It shows you how to put together a successful proposal, what to look out for, the figures involved as well as what information exactly to get from your client.
On top of that, a course usually covers different types of grant funding requests so you’re ready for whatever questions potential clients may bandy at you.
A course will also typically show you the types of grants you can expect to get – be it from government agencies or professional associations, and how the application process is likely to be. Some courses even furnish you with certificate programs and this cements your clients’ trust in your abilities a lot more.
Step 2: Join A Professional Association
This not only gives you more credibility but allows you to network and meet more grant writers. You’ll have great resources to turn to when you have questions or doubts.
Step 3: Volunteer At Local Nonprofits
You’ve got yourself a certificate and you’re now professionally associated with a grant-writing association. Well done!
What do employers typically look for next? Experience.
Whether you’re a student looking to get some experience or hold a full-time job, interning or volunteering at a local nonprofit sector is going to give you a general idea of how things work behind the scenes.
While you may not necessarily be asked to do grant writing, you’ll be most likely called to manage fundraisers and help to organize other similar events. All these actually help give you an edge and extra information to use when writing your grant proposals. Even if it’s your first-ever official grant application, with the experience you’ve been gaining, you’ll be able to draft out a much better one versus people who have not managed fundraisers before.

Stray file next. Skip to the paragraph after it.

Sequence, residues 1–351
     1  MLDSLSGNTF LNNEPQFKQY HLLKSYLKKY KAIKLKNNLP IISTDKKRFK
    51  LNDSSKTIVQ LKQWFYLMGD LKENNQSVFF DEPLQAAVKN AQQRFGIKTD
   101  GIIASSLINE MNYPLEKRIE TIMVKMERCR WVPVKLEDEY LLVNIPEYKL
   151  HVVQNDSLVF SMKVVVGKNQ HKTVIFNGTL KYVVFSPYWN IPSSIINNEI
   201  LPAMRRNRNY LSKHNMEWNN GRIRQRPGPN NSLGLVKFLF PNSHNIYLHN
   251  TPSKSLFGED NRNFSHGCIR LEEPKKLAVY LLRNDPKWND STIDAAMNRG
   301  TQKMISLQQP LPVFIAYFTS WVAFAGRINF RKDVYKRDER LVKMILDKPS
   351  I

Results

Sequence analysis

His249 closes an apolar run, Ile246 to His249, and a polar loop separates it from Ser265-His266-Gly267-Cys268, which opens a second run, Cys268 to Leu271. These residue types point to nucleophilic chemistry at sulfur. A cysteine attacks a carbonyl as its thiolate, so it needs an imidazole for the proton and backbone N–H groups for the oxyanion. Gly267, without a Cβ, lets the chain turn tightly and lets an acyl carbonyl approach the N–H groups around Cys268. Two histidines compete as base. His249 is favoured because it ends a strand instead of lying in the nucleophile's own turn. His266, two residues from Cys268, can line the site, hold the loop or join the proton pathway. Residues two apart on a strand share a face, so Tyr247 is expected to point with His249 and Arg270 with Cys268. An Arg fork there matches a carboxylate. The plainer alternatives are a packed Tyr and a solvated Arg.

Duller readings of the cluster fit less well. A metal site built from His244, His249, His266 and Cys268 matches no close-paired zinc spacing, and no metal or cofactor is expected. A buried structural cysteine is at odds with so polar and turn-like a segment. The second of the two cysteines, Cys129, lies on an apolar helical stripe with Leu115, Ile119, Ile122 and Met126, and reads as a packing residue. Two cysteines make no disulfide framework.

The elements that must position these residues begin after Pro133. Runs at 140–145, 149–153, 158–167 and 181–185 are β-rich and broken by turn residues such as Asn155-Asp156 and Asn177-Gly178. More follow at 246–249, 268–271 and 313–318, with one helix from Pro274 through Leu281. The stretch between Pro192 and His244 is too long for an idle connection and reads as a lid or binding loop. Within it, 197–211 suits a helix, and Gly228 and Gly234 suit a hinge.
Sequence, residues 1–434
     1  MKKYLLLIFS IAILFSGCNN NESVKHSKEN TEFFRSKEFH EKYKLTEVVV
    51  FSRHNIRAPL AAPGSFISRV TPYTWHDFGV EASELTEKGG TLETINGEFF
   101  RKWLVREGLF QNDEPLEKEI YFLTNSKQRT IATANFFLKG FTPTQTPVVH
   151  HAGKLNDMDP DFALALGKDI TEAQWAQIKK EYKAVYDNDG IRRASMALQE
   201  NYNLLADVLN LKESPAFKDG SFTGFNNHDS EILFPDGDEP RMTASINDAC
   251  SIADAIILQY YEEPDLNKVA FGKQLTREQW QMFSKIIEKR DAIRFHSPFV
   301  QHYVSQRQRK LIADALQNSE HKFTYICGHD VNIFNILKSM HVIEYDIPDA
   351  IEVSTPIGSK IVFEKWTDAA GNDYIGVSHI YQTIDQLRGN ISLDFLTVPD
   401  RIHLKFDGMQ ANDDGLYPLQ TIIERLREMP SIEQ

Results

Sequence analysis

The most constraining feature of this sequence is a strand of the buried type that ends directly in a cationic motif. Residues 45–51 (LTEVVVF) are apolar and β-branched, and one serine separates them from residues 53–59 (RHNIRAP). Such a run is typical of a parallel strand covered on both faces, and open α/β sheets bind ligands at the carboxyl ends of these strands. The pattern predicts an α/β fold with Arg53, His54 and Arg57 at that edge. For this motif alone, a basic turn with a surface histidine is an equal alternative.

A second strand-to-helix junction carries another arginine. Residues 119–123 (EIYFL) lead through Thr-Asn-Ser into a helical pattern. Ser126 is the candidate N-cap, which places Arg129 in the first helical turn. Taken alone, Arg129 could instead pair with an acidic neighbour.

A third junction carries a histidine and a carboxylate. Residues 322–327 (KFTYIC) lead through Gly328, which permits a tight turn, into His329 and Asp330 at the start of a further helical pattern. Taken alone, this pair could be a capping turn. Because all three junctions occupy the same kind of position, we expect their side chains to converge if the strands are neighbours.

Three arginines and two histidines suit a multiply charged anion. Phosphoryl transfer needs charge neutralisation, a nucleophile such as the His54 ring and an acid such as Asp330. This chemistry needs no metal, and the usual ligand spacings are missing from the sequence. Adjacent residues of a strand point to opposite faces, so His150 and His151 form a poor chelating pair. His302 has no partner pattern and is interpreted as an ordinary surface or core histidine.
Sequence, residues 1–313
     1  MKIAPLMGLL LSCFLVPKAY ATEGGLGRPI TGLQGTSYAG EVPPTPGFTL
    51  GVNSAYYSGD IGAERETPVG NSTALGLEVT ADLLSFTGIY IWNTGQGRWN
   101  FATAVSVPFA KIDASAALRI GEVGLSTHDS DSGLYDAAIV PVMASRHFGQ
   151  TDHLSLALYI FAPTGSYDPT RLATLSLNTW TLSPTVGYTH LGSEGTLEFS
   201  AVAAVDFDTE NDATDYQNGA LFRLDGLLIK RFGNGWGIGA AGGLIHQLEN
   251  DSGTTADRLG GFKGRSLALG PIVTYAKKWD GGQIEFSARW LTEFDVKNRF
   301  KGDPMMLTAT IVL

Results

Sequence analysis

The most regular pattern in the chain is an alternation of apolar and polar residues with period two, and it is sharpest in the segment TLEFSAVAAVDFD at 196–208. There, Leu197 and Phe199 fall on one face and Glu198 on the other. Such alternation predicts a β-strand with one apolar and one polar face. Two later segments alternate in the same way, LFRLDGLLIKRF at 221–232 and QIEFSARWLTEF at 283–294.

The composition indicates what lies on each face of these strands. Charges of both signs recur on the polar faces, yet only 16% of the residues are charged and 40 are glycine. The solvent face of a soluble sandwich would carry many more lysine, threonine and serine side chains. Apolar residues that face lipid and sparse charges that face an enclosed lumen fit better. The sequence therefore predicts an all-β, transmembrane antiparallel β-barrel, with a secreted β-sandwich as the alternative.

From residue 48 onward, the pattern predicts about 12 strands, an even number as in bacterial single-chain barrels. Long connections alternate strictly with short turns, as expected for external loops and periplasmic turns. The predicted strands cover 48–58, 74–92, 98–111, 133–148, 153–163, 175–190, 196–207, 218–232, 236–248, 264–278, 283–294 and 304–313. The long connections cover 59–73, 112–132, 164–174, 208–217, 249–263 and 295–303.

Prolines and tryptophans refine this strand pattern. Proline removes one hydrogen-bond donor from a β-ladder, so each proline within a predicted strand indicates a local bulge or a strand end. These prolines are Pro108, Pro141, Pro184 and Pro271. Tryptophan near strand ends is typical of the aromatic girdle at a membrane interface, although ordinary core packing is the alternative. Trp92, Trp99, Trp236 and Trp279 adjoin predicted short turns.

Step 4: Build A Network
Take opportunities while you’re volunteering or interning to foster relationships and get to know professional grant writers and people in the related field who can help you and even recommend you to potential clients.
Step 5: Create A Freelance Writing Portfolio
There are multiple ways to create a portfolio for yourself. If the thought of having your own writer website gets too daunting for you, there are several places you can create a portfolio for free.
These sites offer you plug-and-play templates where you only need to add your own copy and stories. Most of them are free and allow you to upload up to ten writing samples. There are also paid plans for those who have more than ten samples to upload.
Here is an example of an awesome portfolio site:
Clippings.me has two plans.